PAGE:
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Feds arrest sixth suspect in coordinated plot to support ISIS

Federal authorities have charged a New Jersey man – the sixth person since June – with conspiring to support the Islamic State militant group. 

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    Demonstrators chant pro-Islamic State group slogans as they carry the group's flags in front of the provincial government headquarters in Mosul, Iraq on June 16, 2014. The Islamic State, also known as ISIS or ISIL, continues to expand its influence over young people worldwide, using social media and the Internet to recruit them.
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Glimmers of Islamic State's virtual influence continue flicker on US soil.

On Monday, federal authorities in New Jersey charged Nader Saadeh, formerly of Rutherford, N.J., with conspiring to support the militant group. Mr. Saadeh viewed Islamic State propaganda online and traveled to the Middle East in May in an effort to join the militants, the US Department of Justice said in a statement.

Saadeh’s arrest makes him the sixth person to be taken into custody in New York and New Jersey since June for what officials have said is a broader plot, and highlights the growing influence of the Islamic State, also known as ISIS or ISIL, on young people worldwide, including the United States.

“Jihadi recruiters are mastering the ability to monitor, and prey upon, Western youth susceptible to the twisted message of Islamist terror,” Homeland Security Committee Chairman Michael McCaul (R) of Texas said at a congressional hearing in June, The Christian Science Monitor reported. “They seek out curious users who have questions about Islam or want to know what life is like in the so-called Islamic State.”

Part of the problem is the group’s ability to reach young people through the Internet and social media, the Monitor’s Warren Richey added.

The US government is battling a “new generation of terrorists” who are using social media to quickly and effectively spread their violent ideology far beyond the battlefields of Syria and Iraq to the streets of Europe and America, senior intelligence officials told Congress on Wednesday.

Unlike the centralized and secretive operations of Al Qaeda, the self-anointed Islamic State is successfully recruiting new members through aggressive use of social media, particularly Twitter, the officials said.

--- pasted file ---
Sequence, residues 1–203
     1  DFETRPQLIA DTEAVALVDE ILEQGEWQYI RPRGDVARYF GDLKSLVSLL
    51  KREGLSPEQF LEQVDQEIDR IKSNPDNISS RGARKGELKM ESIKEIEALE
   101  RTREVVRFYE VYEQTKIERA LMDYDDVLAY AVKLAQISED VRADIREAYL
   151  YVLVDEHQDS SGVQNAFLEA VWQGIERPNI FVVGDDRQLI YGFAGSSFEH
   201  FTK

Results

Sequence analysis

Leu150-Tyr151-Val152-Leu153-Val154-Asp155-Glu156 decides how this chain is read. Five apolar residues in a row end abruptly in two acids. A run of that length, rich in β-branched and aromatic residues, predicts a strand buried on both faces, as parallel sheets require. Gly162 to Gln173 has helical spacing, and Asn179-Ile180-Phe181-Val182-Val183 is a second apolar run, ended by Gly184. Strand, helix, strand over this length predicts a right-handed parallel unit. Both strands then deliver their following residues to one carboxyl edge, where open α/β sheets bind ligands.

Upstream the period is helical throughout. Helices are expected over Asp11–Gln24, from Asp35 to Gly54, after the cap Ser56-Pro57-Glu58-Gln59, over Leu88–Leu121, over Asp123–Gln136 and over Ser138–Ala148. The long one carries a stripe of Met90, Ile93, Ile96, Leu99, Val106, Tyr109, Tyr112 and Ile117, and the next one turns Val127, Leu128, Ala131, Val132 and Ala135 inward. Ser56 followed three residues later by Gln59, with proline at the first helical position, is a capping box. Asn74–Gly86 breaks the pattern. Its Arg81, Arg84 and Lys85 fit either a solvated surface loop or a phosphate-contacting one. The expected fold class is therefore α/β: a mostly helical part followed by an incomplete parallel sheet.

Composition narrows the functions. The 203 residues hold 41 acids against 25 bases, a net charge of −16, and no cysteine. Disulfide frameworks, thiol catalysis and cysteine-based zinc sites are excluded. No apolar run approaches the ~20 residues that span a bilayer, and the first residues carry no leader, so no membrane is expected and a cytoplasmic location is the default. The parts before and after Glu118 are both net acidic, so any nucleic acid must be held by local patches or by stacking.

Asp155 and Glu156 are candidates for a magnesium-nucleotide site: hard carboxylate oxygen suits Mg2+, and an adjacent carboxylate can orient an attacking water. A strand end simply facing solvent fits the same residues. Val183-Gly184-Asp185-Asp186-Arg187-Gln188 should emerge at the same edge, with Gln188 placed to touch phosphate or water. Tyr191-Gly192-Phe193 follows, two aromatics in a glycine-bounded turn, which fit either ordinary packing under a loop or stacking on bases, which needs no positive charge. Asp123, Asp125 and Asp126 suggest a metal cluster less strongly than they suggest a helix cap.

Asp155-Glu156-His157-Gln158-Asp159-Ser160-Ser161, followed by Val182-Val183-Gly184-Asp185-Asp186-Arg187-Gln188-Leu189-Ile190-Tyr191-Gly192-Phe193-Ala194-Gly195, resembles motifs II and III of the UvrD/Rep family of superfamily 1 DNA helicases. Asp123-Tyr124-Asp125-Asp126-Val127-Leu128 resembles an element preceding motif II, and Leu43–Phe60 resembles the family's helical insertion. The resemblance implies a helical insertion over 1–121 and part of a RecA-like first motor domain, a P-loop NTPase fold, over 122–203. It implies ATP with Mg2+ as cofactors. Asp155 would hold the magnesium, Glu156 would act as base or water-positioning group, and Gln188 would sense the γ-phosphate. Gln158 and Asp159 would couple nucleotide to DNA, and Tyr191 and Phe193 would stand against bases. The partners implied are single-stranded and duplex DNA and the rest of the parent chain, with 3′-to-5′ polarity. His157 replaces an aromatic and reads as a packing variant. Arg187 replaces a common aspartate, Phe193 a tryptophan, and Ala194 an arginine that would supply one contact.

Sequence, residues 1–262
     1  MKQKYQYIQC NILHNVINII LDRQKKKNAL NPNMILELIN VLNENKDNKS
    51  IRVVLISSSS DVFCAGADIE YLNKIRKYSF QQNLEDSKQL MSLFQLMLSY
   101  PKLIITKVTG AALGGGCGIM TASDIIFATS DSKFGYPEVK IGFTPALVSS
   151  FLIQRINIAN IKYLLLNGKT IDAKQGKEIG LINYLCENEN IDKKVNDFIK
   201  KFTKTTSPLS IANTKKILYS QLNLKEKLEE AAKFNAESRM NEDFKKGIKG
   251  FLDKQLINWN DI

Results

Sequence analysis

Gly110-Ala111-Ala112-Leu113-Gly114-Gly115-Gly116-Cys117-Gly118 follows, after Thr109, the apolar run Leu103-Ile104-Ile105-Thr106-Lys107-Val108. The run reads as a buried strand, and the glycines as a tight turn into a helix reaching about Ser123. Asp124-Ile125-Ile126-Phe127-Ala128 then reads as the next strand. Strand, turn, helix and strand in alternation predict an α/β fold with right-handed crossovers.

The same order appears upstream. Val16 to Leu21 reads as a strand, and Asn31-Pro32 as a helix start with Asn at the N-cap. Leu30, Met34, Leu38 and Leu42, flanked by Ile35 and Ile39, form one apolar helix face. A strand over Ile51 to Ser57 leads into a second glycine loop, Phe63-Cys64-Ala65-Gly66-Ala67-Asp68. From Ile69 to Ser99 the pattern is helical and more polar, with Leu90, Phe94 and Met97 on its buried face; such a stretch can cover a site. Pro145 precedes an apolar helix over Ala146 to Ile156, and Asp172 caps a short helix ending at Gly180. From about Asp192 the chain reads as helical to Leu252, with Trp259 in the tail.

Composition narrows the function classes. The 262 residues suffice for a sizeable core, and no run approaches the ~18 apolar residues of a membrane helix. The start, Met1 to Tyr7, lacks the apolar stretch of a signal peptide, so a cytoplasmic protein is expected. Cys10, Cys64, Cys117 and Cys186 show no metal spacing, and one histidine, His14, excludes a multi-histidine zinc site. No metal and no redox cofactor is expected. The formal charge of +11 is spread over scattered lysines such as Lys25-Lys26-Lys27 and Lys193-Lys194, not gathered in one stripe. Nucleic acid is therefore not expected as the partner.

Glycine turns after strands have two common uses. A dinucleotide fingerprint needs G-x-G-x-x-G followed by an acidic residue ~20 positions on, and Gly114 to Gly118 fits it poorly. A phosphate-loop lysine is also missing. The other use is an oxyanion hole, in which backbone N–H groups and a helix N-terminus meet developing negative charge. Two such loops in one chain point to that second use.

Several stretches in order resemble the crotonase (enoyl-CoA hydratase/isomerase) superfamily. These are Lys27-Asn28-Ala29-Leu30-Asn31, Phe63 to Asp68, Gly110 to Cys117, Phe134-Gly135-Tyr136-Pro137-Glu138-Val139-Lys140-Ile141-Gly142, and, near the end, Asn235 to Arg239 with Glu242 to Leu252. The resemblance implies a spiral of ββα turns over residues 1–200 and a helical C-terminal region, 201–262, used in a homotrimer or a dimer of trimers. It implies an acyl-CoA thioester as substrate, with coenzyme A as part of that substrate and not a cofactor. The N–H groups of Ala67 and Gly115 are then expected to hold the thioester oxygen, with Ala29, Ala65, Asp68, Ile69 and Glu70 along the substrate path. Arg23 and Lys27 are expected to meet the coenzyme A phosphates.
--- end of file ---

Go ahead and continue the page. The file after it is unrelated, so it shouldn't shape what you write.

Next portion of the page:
Estimates are that the terror group can generate up to 200,000 tweets per day based on the initial work of a couple thousand “core propagandists.”

In the last few months, the government has launched a number of efforts – including anti-extremism campaigns through the State Department’s Center for Strategic Counterterrorism Communications – aimed at curbing radicalization and the spread of ISIS influence on US citizens.

The House also passed a bill last month that would allow the government to revoke or deny passports to Americans with connections to “foreign terrorist organizations.”

Some experts also urge an on-the-ground military strategy that corresponds with the government’s online policy.

“Offline, the group is now estimated to be 30,000-strong or bigger,” The Atlantic's associate editor Kathy Gilsinan wrote in February. “But the roots of its expansion probably don't lie on the virtual battlefield. More likely, they're on the real one.”

Saadeh’s arrest comes a little more than a month after his brother, Alaa was arrested on similar charges, including “conspiring to provide material support to ISIL,” the Justice Department said, using another name for ISIS. Both brothers were in frequent contact with two other men who had been arrested in June for planning to support the extremists: Samuel Topaz, also from New Jersey, and Munther Omar Saleh, a college student from Queens.

Saadeh was scheduled to appear Monday in US District Court in Newark.

This report contains material from the Associated Press and Reuters.

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